Tag Archives: Save Japan’s Dolphins

Whether the Georgia Aquarium dolphin shows are educational

A few weeks ago, I posted a blog on this topic, and if you had the great good fortune to have seen the videos in the blog, you would have seen first hand via video shot by a customer of the Georgia Aquarium that the Aquarium’s dolphin extravaganza was, shall we say, a little lean on educational value.

Seeing unvarnished home movies likely provides something a tad closer to the reality of the dolphin show than a highly polished piece that the Georgia Aquarium would put together as an advertisement.  Make sense?  It does to me, too.

Those home movies are no longer available, but since I want to continue to provide information and facts surrounding the Georgia Aquarium and dolphin captivity, it appears that I’ll have to rely at least in part on the G.A.’s own video.  But before I show you the video, let me set the stage a bit.  It may look like I’m straying off topic, but just hang with me.  I’ll bring it all home.  I promise.

In your mind’s eye, picture the strawberry pie on the menu at Shoney’s.  The big, center-posted picture on the cover.  With radiating smaller pics of fried chicken, Salisbury steak (both with a gravylike schmear), and maybe even shrimp, interspersed with various starchy concoctions, some with peas thrown in for color.

But the pie: the uber bright and shiny red of, not really the strawberries so much (yes, I think there were actual strawberries in there) as the goo that surrounds the strawberries.  The goo that jiggles, but not the same way that Jello jiggles.  Translucent, but again, not the same way that Jello is.  You know it.  More like  snot, really.  But darn red.  A mighty fine red, but one that you know isn’t real.  And this, this picture of the pie that is on the cover of the menu, that is now in your mind’s eye, with its perfect dollop of whipped cream, well, not real whipped cream, really, but some light and fluffy mixture of milk flakes, talc, high fructose corn syrup, and hydrogenated oil . . .  Crap.  I really didn’t mean to ruin that (open air quotes) whipped cream (close air quotes) for you.  Oh, who am I fooling?  You’re probably on your way to that single-use plastic container of Cool Whip right now.  (Are these people going to sue me for mentioning them in the same piece as the Georgia Aquarium?  Oh, I am just mean!)  Anyway.  Picture the pie.  The bright red goo.  The perfect dollop.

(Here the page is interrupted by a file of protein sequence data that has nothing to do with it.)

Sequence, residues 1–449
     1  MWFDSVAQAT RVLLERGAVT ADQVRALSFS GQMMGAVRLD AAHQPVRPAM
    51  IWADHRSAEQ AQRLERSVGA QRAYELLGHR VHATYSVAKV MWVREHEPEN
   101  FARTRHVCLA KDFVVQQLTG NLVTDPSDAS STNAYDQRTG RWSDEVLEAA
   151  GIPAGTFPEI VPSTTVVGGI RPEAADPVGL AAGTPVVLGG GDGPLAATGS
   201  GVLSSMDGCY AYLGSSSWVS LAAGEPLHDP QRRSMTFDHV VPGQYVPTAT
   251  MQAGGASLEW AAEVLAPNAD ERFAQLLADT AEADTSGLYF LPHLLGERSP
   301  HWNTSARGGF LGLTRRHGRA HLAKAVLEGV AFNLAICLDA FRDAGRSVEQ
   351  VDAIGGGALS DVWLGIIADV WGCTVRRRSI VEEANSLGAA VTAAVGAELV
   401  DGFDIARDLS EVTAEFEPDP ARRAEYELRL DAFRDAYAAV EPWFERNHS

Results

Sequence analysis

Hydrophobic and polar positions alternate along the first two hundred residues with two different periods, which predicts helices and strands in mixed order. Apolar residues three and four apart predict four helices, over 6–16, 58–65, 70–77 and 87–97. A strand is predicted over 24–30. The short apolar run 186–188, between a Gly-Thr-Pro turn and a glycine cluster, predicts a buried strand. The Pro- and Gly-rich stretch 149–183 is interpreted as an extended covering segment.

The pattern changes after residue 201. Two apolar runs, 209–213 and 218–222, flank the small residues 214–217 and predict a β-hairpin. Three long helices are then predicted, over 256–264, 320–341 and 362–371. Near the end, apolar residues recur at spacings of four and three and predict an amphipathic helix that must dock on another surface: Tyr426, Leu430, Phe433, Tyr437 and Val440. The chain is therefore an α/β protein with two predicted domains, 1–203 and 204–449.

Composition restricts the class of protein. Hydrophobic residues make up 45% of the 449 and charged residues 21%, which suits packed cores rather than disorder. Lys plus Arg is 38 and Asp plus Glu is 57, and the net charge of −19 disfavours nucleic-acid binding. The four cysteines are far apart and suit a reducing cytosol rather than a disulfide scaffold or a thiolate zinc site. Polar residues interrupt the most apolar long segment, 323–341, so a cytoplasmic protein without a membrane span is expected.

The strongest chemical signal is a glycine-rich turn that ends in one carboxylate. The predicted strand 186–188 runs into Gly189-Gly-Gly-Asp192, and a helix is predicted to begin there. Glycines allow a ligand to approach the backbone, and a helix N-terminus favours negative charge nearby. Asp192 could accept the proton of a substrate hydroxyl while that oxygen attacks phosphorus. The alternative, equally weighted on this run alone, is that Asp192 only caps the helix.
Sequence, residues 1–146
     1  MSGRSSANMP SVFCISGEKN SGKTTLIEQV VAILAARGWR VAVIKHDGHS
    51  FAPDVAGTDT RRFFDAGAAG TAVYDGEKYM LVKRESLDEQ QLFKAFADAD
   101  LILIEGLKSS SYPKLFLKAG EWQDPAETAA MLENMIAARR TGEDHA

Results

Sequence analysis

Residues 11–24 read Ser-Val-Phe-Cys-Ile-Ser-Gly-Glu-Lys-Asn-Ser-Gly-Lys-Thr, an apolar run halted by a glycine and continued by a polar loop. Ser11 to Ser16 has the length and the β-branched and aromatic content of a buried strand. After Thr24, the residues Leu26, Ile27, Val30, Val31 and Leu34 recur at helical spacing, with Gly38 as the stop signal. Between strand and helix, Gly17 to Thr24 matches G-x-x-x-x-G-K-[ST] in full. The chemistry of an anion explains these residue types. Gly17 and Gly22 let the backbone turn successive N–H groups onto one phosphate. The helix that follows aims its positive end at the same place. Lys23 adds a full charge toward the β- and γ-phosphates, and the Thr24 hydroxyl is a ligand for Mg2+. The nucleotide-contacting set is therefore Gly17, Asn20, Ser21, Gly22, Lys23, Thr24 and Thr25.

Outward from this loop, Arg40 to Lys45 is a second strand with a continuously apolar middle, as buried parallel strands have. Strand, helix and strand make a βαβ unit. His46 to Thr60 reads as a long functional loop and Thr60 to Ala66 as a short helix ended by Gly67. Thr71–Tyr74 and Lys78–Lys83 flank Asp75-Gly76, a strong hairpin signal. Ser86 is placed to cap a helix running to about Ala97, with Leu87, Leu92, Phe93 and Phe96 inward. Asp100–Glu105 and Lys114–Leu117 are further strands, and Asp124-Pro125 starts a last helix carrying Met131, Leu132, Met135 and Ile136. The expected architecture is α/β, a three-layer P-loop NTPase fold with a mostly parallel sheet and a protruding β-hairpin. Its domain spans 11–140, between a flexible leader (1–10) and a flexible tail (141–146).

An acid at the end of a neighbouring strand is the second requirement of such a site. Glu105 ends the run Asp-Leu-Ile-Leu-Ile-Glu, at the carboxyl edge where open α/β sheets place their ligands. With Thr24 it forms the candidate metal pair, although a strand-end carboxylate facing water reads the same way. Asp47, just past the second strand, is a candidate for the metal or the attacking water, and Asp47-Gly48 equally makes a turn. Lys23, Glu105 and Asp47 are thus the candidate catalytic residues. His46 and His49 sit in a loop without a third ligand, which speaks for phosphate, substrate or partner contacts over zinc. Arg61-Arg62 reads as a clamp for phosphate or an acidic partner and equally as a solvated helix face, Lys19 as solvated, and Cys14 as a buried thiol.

Flash forward to your having ordered it.  Now watch the pie as it approaches on the tray brought by the hard-working and underpaid (oops, slid into another social issue) waitress.  The reality is not quite as lovely as the advertisement.  The advertisement promised something that it didn’t deliver.

And by comparison, with that picture of the pie in your mind, that fake, fake, fake, fake, fake red of the pie that still somehow appeals to the inner 6-year-old-at-Shoneys-for-the-first-time, consider that the Georgia Aquarium is tinkering with that same appeal. The strawberry pie lie.  The reality isn’t what’s on the cover.  But what’s on the cover is what the restaurant needs you to believe so that you’ll order it.  So what does the Georgia Aquarium need you to believe?

I guess, first and foremost, it wants you to believe that the dolphins are happy.  Happy in captivity.  Happy that they are not in the ocean swimming freely with their close-knit community of family.  I guess there’s a lot they would like you to believe.  That dolphins live longer lives in captivity.  But there is also stuff they don’t want you to know.  They don’t want you know that the average life span of a dolphin in captivity is five years, when dolphins in the wild live far longer.  Or that the aquariums often give captive dolphins daily doses of medicines to control ulcers and intestinal and respiratory issues.  So you can probably expect a Georgia Aquarium online commercial to show you what it wants you to believe.  I expect you’ll see something that looks like happiness.  Jumping.  Splashing.

But what about the education part?  Surely they’ll highlight that aspect, too.  It is supposed to be central to the purpose of the dolphin show, right?  Education.  Right?

And here we are at the finish line, getting ready to watch one of the Georgia Aquarium’s own videos – one that it has placed on Youtube with all the agreements and consents that one gives when posting to Youtube – to see how it invites customers to come be educated about happy dolphins.

Soooooooo.  What did you learn about dolphins?  What do you expect to learn based on the Georgia Aquarium’s own enticement?  What education do the eleven dolphins who are held captive at the Georgia Aquarium provide to justify their continued captivity, held away from the open ocean for which they were designed?

To actually learn about dolphins and whales in captivity, watch A Fall From Freedom.

And don’t go to the dolphin show.

In the meantime, if you need entertaining, just take a gander at what we actually allow to entice us into believing that the food is good.  Or the dolphins happy.

This burger was made from happy cows, too!

Whether dolphin shows are educational – a matter of definition?

Congressman Young’s (R-AK) point, during a hearing regarding marine mammal captivity, that whether the dolphin shows are educational or not educational is a matter of definition, might be a valid one.  What specific kind of information any particular dolphin exhibit imparts can certainly be varied: one exhibit might focus on dolphin life span and intelligence while another addresses family structure and habitat range, while still another describes what we understand and do not understand about dolphin communication.